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The Man That Never Was: Daniel Defoe 1644–1731 – A Critical Revision of His Life and Writing, by John Martin. Kendal: Heritage Publications, 2013. Pp. 495 + xxxiii. $35.00. ISBN: 978-0-9543-1724-9.

The Man That Never Was is John Martin’s second biography of Daniel Defoe. His first, Beyond Belief: The Real Life of Daniel Defoe, received mixed reviews for its provocative and often unorthodox view of the life and works of Defoe. The point that Martin returns to in this second biography is that Defoe’s year of birth was unknown until he discovered the writer’s birth record, which indicates that the writer was born in 1644, some fifteen or sixteen years before his supposed birth year of 1659/1660. Martin also pursued this claim in another book on Defoe: Alien Come Home: The Story of Daniel Defoe’s Missing Years, 1644–1680.

In The Man That Never Was, Martin claims that Defoe was the son of Daniel Foe and that James Foe was his uncle, not his father, as has been posited by Defoe scholars (xi). Martin explains that James Foe’s brother Daniel took over the family farm in Northamptonshire after the death of their father, who was also named Daniel Foe. The biographer Frank Bastian, in Defoe’s Early Life, notes that James Foe’s brother Daniel married and mentions a family, though he claims his children were the writer’s older first cousins. Martin disagrees, arguing that since Daniel Foe was the oldest male in the family, tradition dictated that the first born male would be named after the father: hence Daniel Defoe the writer was his eldest son rather than his nephew.

When we delve into this and other fascinating claims made by Martin, they soon begin to unravel, as J. A. Downie recently pointed out in “Defoe’s Birth,” a note in The Scriblerian and the Kit-Cats. First, Daniel was a very common name among the (De) Foe families of Northamptonshire, where Martin claims Daniel Defoe was born. It is, therefore, difficult to associate the writer with one of the several Daniel Foes listed in the records of that region. Second, although Martin suggests that all historical facts are open to “misunderstanding” and are “a complex matter” (xv), he does not adequately address or explain away critical documents associated with the writer. This is evident time and time again, and I will offer four representative examples here.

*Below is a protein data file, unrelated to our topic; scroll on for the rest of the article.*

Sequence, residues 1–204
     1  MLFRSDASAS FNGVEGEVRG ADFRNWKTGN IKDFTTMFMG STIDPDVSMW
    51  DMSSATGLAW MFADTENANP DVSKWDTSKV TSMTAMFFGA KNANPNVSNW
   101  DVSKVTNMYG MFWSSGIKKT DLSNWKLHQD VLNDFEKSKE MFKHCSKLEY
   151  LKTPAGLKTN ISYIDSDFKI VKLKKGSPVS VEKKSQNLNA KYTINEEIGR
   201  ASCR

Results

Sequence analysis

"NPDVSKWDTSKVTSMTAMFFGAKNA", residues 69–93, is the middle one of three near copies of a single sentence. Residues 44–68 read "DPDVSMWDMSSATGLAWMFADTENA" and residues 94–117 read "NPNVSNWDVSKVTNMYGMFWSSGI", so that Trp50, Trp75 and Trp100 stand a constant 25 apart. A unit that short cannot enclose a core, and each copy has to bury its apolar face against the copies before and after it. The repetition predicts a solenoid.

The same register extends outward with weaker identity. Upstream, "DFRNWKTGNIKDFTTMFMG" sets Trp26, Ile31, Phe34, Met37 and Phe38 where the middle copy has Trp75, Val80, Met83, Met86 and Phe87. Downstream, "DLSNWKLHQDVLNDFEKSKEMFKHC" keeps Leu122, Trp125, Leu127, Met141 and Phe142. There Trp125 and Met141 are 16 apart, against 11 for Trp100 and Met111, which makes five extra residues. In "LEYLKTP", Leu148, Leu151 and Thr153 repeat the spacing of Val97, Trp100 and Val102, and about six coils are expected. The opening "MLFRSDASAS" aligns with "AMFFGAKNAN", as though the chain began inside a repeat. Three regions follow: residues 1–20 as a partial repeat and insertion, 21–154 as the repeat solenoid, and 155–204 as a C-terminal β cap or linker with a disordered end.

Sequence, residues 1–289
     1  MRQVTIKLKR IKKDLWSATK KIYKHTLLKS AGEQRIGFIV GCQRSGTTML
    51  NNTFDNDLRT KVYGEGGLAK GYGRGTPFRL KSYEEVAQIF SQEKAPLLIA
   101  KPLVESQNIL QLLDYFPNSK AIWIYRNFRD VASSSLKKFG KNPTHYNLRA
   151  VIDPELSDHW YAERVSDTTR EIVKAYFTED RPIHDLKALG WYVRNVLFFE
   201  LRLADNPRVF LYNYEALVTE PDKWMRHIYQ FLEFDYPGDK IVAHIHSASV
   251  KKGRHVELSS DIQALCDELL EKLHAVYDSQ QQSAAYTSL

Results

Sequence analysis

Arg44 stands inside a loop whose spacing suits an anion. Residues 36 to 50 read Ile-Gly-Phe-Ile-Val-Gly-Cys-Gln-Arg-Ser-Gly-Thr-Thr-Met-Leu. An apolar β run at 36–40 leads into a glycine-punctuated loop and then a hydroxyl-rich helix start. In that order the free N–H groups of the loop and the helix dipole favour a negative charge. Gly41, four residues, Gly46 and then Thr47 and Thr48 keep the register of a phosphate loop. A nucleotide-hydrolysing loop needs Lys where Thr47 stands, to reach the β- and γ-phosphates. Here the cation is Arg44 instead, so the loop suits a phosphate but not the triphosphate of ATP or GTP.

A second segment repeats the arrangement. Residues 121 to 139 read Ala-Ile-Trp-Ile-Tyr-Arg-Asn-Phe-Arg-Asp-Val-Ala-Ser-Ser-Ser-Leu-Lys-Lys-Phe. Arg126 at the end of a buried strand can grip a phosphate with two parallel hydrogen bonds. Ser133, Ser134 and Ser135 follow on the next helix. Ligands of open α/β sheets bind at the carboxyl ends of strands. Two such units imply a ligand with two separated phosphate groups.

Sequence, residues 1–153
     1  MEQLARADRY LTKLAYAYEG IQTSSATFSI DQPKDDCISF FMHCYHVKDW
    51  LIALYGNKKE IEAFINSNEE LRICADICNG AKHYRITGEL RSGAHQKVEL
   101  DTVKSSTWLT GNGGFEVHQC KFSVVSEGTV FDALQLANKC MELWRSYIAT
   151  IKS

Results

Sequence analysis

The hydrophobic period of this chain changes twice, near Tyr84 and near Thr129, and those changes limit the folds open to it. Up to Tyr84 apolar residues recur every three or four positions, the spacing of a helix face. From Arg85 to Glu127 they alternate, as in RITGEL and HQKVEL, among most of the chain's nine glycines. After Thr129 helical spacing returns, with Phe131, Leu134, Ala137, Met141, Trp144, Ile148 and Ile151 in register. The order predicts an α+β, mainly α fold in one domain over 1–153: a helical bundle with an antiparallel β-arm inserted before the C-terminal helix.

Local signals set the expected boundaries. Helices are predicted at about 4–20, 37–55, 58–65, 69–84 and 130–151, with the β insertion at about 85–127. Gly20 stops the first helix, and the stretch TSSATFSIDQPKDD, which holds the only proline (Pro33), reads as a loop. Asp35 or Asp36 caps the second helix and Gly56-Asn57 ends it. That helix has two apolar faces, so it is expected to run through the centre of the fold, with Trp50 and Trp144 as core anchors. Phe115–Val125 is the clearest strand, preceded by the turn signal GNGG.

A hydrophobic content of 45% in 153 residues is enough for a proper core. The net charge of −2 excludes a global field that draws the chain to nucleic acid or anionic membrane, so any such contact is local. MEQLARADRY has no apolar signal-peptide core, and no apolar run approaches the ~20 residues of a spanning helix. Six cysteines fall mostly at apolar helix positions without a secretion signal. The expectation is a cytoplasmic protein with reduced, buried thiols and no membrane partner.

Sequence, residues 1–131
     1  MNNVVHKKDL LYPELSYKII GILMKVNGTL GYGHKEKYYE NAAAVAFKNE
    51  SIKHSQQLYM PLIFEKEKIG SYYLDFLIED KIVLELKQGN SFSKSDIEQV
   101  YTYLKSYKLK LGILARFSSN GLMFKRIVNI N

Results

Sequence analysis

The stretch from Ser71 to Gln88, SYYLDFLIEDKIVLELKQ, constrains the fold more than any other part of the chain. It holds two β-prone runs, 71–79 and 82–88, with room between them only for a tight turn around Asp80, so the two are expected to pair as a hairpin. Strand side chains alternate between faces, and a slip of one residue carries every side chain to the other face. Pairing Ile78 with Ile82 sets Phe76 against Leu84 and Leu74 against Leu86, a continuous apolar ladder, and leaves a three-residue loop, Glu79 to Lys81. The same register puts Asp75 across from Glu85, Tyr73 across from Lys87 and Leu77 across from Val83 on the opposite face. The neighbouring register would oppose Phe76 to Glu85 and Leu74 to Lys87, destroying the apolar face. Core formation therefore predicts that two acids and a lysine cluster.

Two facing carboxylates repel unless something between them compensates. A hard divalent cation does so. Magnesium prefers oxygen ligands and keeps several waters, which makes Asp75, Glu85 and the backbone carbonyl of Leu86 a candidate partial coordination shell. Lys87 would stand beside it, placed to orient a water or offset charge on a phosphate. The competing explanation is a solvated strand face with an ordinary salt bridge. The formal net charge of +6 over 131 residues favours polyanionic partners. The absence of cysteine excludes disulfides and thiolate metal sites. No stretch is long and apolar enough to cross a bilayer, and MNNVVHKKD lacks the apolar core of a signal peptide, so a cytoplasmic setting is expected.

First, in a marriage license dated December 28, 1683, Defoe’s age is given as about 24 years. For a man to state that he is fifteen or sixteen years younger than he is to his twenty-year-old wife and her wealthy father seems fanciful in the extreme. Further, in 1726, Defoe writes the following as “Andrew Moreton, Esq” in the preface to The Protestant Monastry: “[I] am in my 67th Year, almost worn out with Age and Sickness” (vi). If one deducts 67 years from 1726, we arrive at the year 1659 as Defoe’s birth year.1 Second, Martin tries to persuade us that Defoe did not attend Morton’s Academy in or around 1676 because he was working in Brazil on his sugar plantations from 1663 to 1680, but he fails along the way to tackle the evidence in The Present State of Parties (1712), in which Defoe mentions three “Western Martyres” from that academy, not by name but nickname: Kitt. Battersby, Young Jenkins, and Hewlin. These are certainly the sorts of schoolboy nicknames that would have been used at Morton’s Academy. Third, according to Martin, Defoe visited North America from September 1699 to August 1700; however, during that time, Defoe was in London arranging a lease for a house at 87 Woolstaple Round, Westminster, which was on Christ’s Hospital land (Peterson 325). Fourth, Martin has Defoe visiting Brazil and Madagascar in 1705/1706 as does Crusoe in The Father Adventures (1719). However, it appears from Defoe’s letters that he had returned to London from a long trip around England for Robert Harley on November 6, 1705, and was hard at work establishing a distribution network for his Review until the spring of 1706. According to John Robert Moore, Defoe wrote The Apparition of Mrs Veal (1706) on his return from this trip (168–69).